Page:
Four of 1-min baseline balanced for two O and two C eyes order (O–C–C–O or C–O–O–C) and participants. Online ref. eft-earlobe. Offline re-ref. earlobes average.Frontal α-asymmetry in resting EEG reflects circadian and seasonal influences. The right frontal activity is increased during fall mornings.One Measure
One Measure
66.7
50.0
Knyazev et al., 2010 [49]13227.5
(-)
39EPQ h
GWPQ k
STAI e
N
BIS
TA
3-min rest period with C eyes, 3- min with O eyes balanced for O/C-eyes order. Online ref. lobes.Increased coupling δ–β frequency oscillations is related with state anxiety.One Measure75.0
Mikolajczak et al., 2010 [50]3122.4
(3.8)
20TEI–Que zWell-Being, Self-Control, Emotionality, SociabilityEight of 1-min baseline balanced for four O and four C eyes order.
Online ref. linked earlobe.
Resting EEG α–frontal asymmetry is related to emotional intelligence.One Measure83.3
Wacker and Gatt, 2010 [51]109339.3
(18.7)
46NEO–FFI nN, E, O, A, C2-min resting period with O eyes followed by 2-min C eyes.
Online ref. linked mastoids.
The δ–θ activity in posterior vs. frontal areas related to E and COMT VAL-158 MET polymorphism.One Measure66.7
Wacker et al., 2010 [52]Study3
Study4
112
35
23.8
(3.4)
22.9
(3.4)
100
62
ARES gg
BIS/BAS Scale g
BAS, BIS
BAS, BIS
Five for 90-s of resting period with C eyes.
Online ref. linked CZ site.
Offline re-ref. linked mastoids.
Resting posterior vs. frontal δ–θ EEG activity, is related to BAS/AE but BAS/AE, not related to frontal α -asymmetry.Three meas.
two after 1 year, three n.a.
One Meas.
66.7
91.7
Chavanon et al., 2011 [53]7823.2
(2.7)
100MPQ–NE
EPQ h
Reactivity, Alienation, and Aggression
E, N, P
Five for 1-min resting period with C eyes. Online ref. linked CZ site. Offline re-ref. avrage brain activity.Rostral anterior cingulate activity generates the posterior vs. anterior θ activity, related to AE.One Measure66.7
Koehler et al., 2011 [54]14127.8
(-)
52NEO–PI–R nnN, E, O, A, C5-min rest period with closed eyes. Online ref. linked between Fz-Cz sites. Offline re-ref. average brain activity.Resting posterior minus frontal EEG δ–θ activity is related with E and DRD2 genotype.One Measure83.4
Konareva, 2011 [55]11827
(-)
-Cattell 16 PF x
EPQ h
STI xx
OST xxx
A, B, C, E, F, G, H, I, L, M, N, O, Q1, Q2, Q3, Q4.+
E, N, P
Objective plasticity,
Social ergoicity
Ergonicity, Plasticity, Tempo, Emotionality.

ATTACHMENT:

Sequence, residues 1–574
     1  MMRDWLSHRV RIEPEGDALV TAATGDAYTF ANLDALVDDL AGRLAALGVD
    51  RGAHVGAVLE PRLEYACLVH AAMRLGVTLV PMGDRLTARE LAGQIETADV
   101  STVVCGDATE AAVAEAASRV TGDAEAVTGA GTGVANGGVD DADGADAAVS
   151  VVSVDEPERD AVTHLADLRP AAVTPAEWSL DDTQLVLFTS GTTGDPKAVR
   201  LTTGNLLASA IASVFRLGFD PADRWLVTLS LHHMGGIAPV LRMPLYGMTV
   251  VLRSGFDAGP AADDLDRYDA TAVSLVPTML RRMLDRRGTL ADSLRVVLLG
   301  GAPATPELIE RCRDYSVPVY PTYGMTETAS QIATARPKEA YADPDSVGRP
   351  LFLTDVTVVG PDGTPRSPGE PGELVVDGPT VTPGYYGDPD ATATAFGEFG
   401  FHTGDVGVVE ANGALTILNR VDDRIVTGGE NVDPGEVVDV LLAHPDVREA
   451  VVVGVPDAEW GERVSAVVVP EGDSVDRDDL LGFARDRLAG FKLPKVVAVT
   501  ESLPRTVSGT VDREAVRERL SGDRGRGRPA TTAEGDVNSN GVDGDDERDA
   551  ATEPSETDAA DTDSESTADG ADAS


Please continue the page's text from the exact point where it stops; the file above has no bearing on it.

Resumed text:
n.a. resting period with O eyes followed by n.a. resting period
with C eyes.
Online ref. n.a.
Offline ref n.a.
Psychological traits of personality modulated the activity of δ and θ EEG rhythms.One Measure91.7
Knyazev et al., 2012 [56]8824.5
(-)
51Self-report ad hoc
EPP hh
Positive emotions,
mood state
E, N, P
3-min rest period with C eyes and 3-min with O eyes balanced for O/C-eyes order. Online ref. linked lobes.AE related to higher θ activity in the posterior default mode network and lower θ in the orbitofrontal cortex. One Measure66.7
De Pascalis et al., 2013 [57]5124.1
(3.7)
0EHI a
BIS/BAS Scale g
LOT–R t
PANAS b
Handedness
BIS, BAS
Optimism
PA, NA
Four of 1-min baseline balanced for two O and two C eyes order and participants.
Online ref. linked CZ site.
Offline re-ref linked earlobes.
Higher BAS scores are related to greater left-sided α-activity in the BA11 area. Optimism is related to higher activity in the BA10 and BA31 areas.One Measure42.8
Alessandri et al., 2015 [58]5124.1
(3.7)
0EHI a
GSS gs
LOT–R t
LSS ls
P–OR tt
Handedness
Self-esteem
Optimism
Life Satisfaction
Positive orientation
Four of 1-min baseline balanced for two O and two C eyes order and participants.
Online ref. linked CZ site.
Offline re-ref linked earlobes.
The α-asymmetry in the posterior cingulate cortex is uniquely associated with both positivity scores.One Measure42.8
Gable et al., 2015 [59]126Stud.
(-)
46Self-report ad hoc
PUM ttt
BIS/BAS Scale g
Handedness
Positive Urgency
BIS, BAS
Eight of 1-min baseline, balanced among four O and four C eyes order (C-O-O-C-O-C-C-O or O-C-C-O-C-O-O-C) and participants. Online ref. Left-lobe. Offline re-ref. average brain activity.BAS trait related to greater left-frontal α-asymmetry, while BIS trait is related to greater
right-frontal α-asymmetry.
One Measure75.0
Huang et al., 2015 [60]9426.5
(-)
0CC-scale aa
EPQ h
Handedness
E, N, P, L
16 of 15-s baseline, eight O and eight C eyes balanced for two groups (O–C–O–C–O–C–O–C and C–O–C–O–C–O–C–O).
Online ref. linked mastoids.
Offline re-ref. CZ.
Women with higher N scores, exhibit lower-left prefrontal α1– αTotal– asymmetry, than women with lower N during the mid-late luteal phase.Three measures
two after
11–13 days